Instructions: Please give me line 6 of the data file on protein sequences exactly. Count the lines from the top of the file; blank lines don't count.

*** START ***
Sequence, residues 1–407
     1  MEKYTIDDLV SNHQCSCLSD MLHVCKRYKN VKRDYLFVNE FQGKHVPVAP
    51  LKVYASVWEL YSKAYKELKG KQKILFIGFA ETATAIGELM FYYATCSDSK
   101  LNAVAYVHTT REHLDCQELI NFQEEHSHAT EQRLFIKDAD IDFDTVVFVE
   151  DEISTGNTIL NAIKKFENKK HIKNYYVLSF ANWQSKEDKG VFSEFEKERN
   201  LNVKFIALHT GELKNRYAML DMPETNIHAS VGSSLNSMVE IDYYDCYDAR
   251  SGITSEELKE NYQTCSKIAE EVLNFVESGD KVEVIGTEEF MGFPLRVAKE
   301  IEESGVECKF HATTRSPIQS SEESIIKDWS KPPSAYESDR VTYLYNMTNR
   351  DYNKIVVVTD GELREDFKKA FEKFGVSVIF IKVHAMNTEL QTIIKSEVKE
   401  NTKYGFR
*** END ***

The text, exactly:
   201  LNVKFIALHT GELKNRYAML DMPETNIHAS VGSSLNSMVE IDYYDCYDAR